Research Associate - Diabetes

Organization
UMass Medical School
Job Location
Apply Online
Worcester, MA 01655
Salary
0.00-0.01/Yearly
Job Description

GENERAL SUMMARY OF POSITION:

Under the direction of the Principal Investigator or Designee, the Research Associate performs a variety of complex research experiments.

 

 

MAJOR RESPONSIBILITIES:

  • Conducts in-depth analysis of research experiments
  • Performs complex laboratory experiments
  • Interprets data, forms conclusion, and decides on and plans next experiments to be done with a high degree of independence
  • Compiles and analyzes data and performs computations using image analysis software, spreadsheets, graphing, and curve fitting software
  • May modify protocols and be responsible for a single, independent research project
  • Assists in writing the text of scientific publications and grants. Reviews literature
  • Trains new laboratory personnel, students, and collaborators
  • Maintains laboratory supplies and equipment
  • Complies with all safety and infection control standards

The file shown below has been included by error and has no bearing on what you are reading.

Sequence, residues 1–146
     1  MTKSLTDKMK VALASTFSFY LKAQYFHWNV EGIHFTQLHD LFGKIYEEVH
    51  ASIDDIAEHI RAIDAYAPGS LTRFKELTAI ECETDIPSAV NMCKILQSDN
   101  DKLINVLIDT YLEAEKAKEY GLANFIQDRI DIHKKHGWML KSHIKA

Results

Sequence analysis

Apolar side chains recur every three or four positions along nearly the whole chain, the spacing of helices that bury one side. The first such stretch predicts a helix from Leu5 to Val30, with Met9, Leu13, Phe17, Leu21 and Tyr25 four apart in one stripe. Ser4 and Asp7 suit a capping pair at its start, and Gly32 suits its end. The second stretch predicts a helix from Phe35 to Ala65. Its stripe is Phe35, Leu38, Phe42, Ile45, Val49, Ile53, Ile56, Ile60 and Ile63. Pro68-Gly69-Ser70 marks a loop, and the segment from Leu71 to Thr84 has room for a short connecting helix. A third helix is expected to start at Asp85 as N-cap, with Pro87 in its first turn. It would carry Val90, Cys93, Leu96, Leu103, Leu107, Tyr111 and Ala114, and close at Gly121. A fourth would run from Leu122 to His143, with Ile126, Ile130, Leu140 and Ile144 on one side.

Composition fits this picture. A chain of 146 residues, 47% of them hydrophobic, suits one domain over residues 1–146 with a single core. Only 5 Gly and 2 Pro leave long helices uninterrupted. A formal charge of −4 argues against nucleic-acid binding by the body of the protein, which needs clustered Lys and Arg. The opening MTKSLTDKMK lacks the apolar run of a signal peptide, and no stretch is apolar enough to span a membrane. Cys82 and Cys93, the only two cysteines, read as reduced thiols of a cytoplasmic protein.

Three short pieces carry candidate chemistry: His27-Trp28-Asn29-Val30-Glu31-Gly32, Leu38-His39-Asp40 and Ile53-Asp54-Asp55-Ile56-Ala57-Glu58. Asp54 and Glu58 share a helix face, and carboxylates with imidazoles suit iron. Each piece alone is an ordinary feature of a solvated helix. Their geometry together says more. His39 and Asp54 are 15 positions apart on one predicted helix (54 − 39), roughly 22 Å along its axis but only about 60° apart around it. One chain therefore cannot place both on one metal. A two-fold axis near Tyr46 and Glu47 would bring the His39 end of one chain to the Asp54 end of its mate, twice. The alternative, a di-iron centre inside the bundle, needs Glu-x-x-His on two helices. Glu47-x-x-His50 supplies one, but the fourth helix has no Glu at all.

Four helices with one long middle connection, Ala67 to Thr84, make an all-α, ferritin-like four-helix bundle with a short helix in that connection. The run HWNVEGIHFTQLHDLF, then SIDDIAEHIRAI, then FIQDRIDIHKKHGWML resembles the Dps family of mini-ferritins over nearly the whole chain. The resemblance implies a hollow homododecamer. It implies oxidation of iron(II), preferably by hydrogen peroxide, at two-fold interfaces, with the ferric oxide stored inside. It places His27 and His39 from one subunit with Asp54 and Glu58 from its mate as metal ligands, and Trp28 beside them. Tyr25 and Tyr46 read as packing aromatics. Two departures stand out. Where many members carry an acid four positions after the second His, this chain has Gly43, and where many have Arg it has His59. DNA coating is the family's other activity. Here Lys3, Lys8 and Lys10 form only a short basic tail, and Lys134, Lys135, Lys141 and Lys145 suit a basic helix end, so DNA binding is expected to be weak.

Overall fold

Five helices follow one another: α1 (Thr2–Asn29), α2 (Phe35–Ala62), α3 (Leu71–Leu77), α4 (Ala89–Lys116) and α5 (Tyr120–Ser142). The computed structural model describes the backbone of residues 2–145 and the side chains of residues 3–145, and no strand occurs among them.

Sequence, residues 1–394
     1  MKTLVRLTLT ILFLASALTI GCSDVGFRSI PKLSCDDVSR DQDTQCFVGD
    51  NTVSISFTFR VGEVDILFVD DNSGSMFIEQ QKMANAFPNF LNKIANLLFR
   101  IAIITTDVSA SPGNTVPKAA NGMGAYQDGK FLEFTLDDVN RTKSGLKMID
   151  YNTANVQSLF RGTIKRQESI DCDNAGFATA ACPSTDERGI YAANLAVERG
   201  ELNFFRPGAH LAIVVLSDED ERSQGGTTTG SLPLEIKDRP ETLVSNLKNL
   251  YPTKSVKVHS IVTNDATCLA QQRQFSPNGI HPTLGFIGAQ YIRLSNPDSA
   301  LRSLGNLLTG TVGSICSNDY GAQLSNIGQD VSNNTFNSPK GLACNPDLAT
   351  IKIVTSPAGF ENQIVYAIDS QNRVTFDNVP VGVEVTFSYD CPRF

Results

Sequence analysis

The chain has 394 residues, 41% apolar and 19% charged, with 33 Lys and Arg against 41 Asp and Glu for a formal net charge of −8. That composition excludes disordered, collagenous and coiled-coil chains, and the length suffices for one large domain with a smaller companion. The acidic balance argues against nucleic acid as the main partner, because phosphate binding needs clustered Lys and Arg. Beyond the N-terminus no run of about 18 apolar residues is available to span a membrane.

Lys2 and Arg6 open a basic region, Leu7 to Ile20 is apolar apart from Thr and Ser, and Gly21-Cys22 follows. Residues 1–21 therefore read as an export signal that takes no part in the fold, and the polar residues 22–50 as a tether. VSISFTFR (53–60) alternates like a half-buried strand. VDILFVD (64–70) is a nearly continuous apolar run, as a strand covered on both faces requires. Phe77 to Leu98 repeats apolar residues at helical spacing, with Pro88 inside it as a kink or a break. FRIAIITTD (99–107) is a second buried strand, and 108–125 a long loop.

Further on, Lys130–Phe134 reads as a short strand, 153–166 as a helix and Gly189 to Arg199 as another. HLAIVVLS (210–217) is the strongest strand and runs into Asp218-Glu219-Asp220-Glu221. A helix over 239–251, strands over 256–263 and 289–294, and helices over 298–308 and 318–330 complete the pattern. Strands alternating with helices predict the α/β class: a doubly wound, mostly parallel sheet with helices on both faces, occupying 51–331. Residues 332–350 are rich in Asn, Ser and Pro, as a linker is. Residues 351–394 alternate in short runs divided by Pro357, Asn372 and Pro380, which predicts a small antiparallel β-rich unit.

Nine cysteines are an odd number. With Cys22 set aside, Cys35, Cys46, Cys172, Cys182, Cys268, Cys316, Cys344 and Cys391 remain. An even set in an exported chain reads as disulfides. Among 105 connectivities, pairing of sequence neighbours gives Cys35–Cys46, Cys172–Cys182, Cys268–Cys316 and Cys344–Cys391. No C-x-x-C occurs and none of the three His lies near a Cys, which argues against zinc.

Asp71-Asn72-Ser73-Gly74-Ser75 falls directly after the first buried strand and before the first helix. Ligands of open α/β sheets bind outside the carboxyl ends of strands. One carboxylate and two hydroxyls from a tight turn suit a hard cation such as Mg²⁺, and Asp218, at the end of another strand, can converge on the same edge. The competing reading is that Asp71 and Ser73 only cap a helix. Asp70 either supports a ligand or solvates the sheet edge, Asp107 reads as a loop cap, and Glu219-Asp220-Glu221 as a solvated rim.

• Perform other duties as required.

REQUIRED QUALIFICATIONS:

  • Bachelor's degree in Biological Sciences, or equivalent experience
  • 1 year relevant research experience
  • Knowledge of Microsoft Office products
  • Strong ability to analyze complex visual data in a quantitative and objective manner
  • Judgment and action skills required to solve commonly encountered problems

 

SUPERVISION RECEIVED:

Under the direction of the Principal Investigator, or designee

 

SUPERVISION EXERCISED:

May functionally supervise Lab Technicians and Aides

 

ENVIRONMENTAL WORKING CONDITIONS:

Wet chemistry laboratory, and may require appropriate contact with biohazards, radionuclides, toxins, animals, and human specimens.

Apply Here

How to Apply

Apply Online

A part of the proposed tax bill in the US could make tuition waivers taxable, Vox reports.

The New York Times reports that only a subset of STEM worker are in demand.

US News & World Report says students pursuing STEM degrees should consider what they are getting into.

New study finds bias against female lecturers among student course evaluations, the Economist reports.